We’re proud that our brand is synonymous with accuracy, a claim supported by third-party testing. When comparing Wagner meters with other leading brands, including pin meters, third-party tests demonstrate that Wagner moisture meters for wood provide the most accurate readings.
Repeatability is a marker of a meter’s reliability. It answers the question of whether the same meter will take the same reading on the same spot in quick succession. Basically – can you depend on the meter’s internal components to measure moisture accurately every time.
Think about it: Say a reading on spot A is 14%, and when you take a reading at that same spot a minute later, your meter now reads 12%. That doesn’t seem right. Take a few more readings on spot A. Are four of the readings consistent, and there’s one outlier? Not ideal, but it happens.
Are the readings all over the place? Poor repeatability indicates a meter that’s poorly designed, poorly constructed, has inferior components, or most likely – all three. Toss it. You should expect your moisture meter to return the same measurement when used on the same spot within a short period.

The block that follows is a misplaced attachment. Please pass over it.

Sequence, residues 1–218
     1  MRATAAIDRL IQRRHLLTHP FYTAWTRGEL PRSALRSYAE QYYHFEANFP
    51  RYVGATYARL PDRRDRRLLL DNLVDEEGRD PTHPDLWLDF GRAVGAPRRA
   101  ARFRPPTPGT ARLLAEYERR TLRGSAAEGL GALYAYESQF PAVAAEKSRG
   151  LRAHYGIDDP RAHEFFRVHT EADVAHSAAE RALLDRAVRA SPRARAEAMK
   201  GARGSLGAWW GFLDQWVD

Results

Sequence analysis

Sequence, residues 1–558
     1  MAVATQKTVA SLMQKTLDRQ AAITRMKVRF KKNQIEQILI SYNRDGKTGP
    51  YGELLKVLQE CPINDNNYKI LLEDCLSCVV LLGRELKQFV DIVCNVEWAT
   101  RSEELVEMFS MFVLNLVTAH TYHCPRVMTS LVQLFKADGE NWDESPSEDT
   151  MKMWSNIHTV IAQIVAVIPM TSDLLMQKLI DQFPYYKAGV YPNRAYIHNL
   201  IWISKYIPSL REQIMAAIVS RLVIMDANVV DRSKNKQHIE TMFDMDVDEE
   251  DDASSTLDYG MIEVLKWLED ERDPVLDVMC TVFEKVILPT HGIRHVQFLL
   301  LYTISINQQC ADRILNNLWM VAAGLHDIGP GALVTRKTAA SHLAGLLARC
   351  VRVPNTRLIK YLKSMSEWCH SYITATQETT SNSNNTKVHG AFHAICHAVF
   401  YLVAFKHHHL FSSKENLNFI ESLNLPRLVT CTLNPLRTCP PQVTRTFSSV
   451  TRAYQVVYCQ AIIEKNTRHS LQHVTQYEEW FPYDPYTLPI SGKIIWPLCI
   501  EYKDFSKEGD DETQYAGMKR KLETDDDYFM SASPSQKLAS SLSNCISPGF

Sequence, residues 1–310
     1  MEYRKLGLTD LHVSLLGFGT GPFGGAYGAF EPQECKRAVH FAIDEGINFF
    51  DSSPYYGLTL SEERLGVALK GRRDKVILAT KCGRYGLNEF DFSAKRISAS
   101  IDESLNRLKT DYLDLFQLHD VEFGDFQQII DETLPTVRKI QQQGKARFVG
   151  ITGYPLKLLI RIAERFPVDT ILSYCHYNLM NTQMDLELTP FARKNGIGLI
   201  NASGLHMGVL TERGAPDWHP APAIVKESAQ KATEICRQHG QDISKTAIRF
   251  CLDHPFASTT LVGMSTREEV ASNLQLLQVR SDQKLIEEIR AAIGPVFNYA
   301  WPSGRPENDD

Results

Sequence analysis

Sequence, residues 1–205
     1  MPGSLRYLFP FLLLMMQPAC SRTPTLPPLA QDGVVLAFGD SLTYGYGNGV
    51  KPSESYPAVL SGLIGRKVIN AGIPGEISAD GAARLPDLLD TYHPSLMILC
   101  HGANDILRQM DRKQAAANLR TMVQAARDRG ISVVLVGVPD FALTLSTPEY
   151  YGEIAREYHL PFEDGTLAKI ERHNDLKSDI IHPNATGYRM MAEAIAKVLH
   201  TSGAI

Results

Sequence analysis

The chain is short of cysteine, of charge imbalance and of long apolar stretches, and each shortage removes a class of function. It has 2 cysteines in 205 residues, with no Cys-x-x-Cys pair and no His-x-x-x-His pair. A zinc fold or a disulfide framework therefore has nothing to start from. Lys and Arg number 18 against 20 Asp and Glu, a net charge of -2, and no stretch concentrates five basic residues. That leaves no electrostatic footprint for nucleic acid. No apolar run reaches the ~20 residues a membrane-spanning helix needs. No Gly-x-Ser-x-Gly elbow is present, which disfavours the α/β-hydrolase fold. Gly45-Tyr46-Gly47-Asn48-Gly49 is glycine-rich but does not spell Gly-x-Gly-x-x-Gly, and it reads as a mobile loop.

Working with a calibrated moisture meter is essential. The meter is nothing more than a hunk of plastic and metal if it’s not calibrated. Worthless. Worse than worthless if you use an uncalibrated moisture meter, because then you’re working with bad information.
The good news is that the top line moisture meters will rarely fall out of calibration. If you drop the meter or if it’s been physically impaired somehow, then the internal components may have been damaged as well – which can result in the meter becoming uncalibrated.
Some meters will promote their “built-in” calibration test. Two things to remember: These built-in check tests are vulnerable to the same damage that may have uncalibrated the meter. They’re just another set of internal electrical components. Second, this feature is just a test; it does not recalibrate the meter.